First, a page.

What makes this an interesting chapter is how different Hitchens' focus is in his writing. While discussing the monotheisms he was very harsh (often justifiably) to the doctrines and scriptures as well as the acts of the adherents. This time, however there is basically nil as far as discussions of offensive or questionable doctrines, replaced by what I see as largely exceptions to the rules. Case in point, Hitchens writes about a clearly corrupt Buddhist retreat where the guru was encouraging wealthy attendees to give up their worldly posessions (to "the monastery" of course) and posting a sign saying "Shoes and minds must be left at the gate." Now, to be fair, Buddhism does encourage these things, but not to assuage the greed of its proponents. That will of course never stop the truly enterprising from abusing their flocks and fleecing to their heart's content.
Buddhism also gets quite its share of flak from the Japanese atrocities justified by it in a kind of Imperial cult Mahayana Buddhism. Whether this could be seen as a Buddhist movement creating a nationalistic furor, or a nationalistic furor infecting the local Buddhist sects is largely irrelevant; Buddhism was still used as an encouragement to violence and conquest no less deplorable than the Crusades or any Jihad.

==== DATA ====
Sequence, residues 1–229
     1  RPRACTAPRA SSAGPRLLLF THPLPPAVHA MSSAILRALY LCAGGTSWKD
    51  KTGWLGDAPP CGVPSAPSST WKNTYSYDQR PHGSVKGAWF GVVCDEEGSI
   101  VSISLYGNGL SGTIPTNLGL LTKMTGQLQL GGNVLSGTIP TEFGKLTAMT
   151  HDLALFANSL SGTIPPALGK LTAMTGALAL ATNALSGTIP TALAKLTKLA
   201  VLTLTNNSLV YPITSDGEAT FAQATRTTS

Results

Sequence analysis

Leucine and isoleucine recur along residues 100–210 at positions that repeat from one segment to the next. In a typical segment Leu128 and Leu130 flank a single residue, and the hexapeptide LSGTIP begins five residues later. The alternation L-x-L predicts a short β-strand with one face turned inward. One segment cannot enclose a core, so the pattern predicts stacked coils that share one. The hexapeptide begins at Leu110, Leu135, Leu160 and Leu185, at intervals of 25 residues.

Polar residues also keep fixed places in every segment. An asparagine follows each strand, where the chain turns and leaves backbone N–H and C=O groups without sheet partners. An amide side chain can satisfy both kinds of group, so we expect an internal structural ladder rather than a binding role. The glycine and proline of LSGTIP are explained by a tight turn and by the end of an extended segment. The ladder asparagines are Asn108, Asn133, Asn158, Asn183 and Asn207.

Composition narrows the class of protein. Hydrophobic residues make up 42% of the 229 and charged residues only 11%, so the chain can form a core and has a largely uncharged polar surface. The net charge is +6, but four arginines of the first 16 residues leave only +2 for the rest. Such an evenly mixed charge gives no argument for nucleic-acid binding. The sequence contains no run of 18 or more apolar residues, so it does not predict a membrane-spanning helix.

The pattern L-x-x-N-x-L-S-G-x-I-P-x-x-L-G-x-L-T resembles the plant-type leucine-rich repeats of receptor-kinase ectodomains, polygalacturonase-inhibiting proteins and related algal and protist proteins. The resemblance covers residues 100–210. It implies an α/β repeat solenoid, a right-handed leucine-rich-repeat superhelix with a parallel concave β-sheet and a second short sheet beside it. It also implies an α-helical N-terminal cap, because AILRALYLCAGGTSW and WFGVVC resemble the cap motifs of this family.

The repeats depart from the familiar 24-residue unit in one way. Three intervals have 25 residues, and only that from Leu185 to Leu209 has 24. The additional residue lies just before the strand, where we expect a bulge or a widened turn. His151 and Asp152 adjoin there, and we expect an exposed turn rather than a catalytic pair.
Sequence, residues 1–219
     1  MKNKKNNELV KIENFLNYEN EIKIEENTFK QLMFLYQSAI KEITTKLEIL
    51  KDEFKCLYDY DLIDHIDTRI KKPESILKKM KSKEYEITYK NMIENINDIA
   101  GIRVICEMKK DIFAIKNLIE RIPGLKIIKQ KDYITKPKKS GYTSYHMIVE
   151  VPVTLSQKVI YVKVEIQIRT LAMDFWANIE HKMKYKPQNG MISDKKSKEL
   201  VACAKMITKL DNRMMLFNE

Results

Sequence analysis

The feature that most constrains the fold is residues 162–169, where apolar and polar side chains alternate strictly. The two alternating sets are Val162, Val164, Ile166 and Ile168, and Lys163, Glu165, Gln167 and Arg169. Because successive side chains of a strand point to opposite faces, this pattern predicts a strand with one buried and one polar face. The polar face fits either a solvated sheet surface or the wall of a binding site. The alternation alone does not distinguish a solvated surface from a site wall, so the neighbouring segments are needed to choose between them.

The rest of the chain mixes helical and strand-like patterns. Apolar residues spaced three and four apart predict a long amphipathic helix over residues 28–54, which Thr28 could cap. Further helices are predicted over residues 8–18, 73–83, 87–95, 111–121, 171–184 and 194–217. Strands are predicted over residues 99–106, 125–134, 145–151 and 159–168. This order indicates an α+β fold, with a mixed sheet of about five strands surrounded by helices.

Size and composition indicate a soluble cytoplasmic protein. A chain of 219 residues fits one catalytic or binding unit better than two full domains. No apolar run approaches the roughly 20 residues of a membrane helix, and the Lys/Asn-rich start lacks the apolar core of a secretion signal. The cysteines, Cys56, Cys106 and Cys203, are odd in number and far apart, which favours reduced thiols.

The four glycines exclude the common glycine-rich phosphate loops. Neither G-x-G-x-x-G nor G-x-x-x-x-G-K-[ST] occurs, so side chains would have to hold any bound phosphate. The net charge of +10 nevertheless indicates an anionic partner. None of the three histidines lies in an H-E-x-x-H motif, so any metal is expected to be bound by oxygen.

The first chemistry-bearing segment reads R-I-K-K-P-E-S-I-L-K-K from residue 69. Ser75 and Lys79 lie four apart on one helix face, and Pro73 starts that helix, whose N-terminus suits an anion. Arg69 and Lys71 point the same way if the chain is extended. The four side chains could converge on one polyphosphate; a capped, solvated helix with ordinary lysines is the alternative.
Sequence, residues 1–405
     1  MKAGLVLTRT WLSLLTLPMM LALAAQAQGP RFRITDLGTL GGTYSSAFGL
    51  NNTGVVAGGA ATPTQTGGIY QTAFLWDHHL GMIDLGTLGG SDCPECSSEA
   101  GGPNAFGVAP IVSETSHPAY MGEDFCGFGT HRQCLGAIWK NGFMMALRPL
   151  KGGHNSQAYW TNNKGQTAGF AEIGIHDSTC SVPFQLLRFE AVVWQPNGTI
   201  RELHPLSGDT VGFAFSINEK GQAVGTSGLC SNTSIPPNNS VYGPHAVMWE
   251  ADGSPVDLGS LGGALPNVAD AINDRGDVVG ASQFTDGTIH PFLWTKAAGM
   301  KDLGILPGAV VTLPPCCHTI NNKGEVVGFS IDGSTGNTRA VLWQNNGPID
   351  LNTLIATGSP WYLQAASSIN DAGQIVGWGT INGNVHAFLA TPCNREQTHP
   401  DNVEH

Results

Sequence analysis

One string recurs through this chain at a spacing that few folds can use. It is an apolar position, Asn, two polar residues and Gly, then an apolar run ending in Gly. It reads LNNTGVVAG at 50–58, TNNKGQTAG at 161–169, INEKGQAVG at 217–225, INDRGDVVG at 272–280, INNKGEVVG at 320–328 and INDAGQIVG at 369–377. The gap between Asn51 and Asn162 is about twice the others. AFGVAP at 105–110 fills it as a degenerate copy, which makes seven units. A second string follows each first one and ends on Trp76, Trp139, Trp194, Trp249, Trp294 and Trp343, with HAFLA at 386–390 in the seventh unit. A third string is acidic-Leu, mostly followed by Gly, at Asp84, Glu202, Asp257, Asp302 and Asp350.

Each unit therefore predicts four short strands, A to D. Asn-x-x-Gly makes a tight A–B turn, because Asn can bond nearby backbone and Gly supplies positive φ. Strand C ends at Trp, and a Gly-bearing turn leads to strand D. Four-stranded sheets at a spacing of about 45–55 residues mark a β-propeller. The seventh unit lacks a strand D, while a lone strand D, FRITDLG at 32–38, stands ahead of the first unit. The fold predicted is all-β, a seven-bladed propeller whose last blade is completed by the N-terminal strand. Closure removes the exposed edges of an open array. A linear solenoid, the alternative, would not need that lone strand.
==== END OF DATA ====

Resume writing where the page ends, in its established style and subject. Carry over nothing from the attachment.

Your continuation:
But sadly this is where Hitchens ends the chapter. It would have been interesting had he gone into Confucuanism, or Taoism (having discussed Hinduism with Gandhi), but he doesn't, and that's a bit disappointing to me. He's trying to make a case against religion as a whole, and he targeted three western religions, but in depth thus far only one eastern religion. His coverage of Hinduism is brief and discussed only one man's usage of it. This chapter really could have been much more.
Admittedly, I agree with Hitchens' premise, but I do not think his writing sufficiently represents his goal. I realize it is nearly impossible to sufficiently cover every possible religion available, but in this case, more should have been done to paint a broader, if still imperfect picture.